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CRIME

Bewigged robbers hit Aachen bank

Police said on Wednesday they were searching for six men who robbed a bank in Aachen, North Rhine-Westphalia.

Bewigged robbers hit Aachen bank
Photo: DPA

The men forced their way into the bank early in the morning and threatened its 16 employees until they handed over “a significant amount” of money.

Although some were tied up, none of the bank employees were hurt and the men fled immediately on foot with their swag.

Witnesses said that the robbers were wearing black clothes, wigs, and sunglasses.

At least one of them was armed with a gun, a police spokesman said.

Police said they were searching intensively for the criminals and asked anyone with information to call them on 0241 9577 0.

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ANTI-SEMITISM

Police deployed at German synagogue after bullet holes found

German police staged a major deployment at a synagogue in the western city of Essen on Friday after several bullet holes were found in the adjacent former rabbi's residence.

Police deployed at German synagogue after bullet holes found

Police said “four shots were fired from a loaded weapon” into the exterior of the home next to the city’s Old Synagogue but that no one was injured.

Officers were inspecting the site with sniffer dogs for any explosives.

Justice Minister Marco Buschmann said he was “shocked by this latest attack on Jewish life in Germany”.

“Anti-Semitism must have no place. It is our duty to protect Jewish life,” he tweeted.

Media reports said the shots were fired overnight and reported on Friday morning. They targeted a glass door at the entryway of the residence and two bullets pierced the glass.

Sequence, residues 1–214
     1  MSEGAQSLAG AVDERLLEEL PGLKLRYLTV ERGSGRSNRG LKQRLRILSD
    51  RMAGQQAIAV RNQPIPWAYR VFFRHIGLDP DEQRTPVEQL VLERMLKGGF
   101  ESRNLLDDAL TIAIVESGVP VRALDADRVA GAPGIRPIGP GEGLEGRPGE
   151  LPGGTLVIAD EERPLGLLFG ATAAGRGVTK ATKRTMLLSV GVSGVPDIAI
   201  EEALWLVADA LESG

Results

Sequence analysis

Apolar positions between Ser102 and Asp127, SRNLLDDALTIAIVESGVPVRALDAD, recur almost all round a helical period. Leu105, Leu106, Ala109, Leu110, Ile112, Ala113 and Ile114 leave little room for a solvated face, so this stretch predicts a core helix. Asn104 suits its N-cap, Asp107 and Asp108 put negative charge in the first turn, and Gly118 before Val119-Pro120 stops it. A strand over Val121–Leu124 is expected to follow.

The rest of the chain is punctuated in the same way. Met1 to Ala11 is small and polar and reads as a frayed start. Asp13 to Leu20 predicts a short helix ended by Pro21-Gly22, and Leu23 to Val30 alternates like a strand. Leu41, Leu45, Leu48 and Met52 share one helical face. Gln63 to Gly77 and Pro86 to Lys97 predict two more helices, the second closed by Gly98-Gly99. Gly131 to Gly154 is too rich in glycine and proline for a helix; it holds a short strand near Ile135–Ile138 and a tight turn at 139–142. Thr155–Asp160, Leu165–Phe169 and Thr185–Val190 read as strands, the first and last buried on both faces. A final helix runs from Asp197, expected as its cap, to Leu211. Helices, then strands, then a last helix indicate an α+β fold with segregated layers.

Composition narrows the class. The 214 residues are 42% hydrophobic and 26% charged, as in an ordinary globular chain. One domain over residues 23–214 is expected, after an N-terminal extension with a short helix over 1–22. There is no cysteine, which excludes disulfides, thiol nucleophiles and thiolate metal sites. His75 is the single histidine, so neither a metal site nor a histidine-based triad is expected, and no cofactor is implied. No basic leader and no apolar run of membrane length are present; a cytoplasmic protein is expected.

State interior minister Herbert Reul told local media that the alleged assailant, a man, had been captured on a security camera but was still at large.

The incident came three years after a gunman killed two people in the eastern city of Halle after failing to storm a synagogue on Yom Kippur.

Before the attack, he had posted a racist, misogynistic and anti-Semitic manifesto online.

Germany in May reported a new record in the number of politically motivated crimes last year, including a nearly 29-percent jump in anti-Semitic crimes to 3,027.

Seven decades after the Holocaust in which the Nazi regime slaughtered six million Jews, the vast majority of the offences — 2,552 — were attributed to the far-right scene.

Essen’s Old Synagogue was built in the early 20th century but its interior was largely destroyed by the Nazis in the November 1938 pogrom.

It underwent a thorough restoration and reopened as an expanded Jewish Culture House for interfaith dialogue in 2010.

READ ALSO: ‘We will fight for our Germany’: Holocaust survivor issues warning to far right

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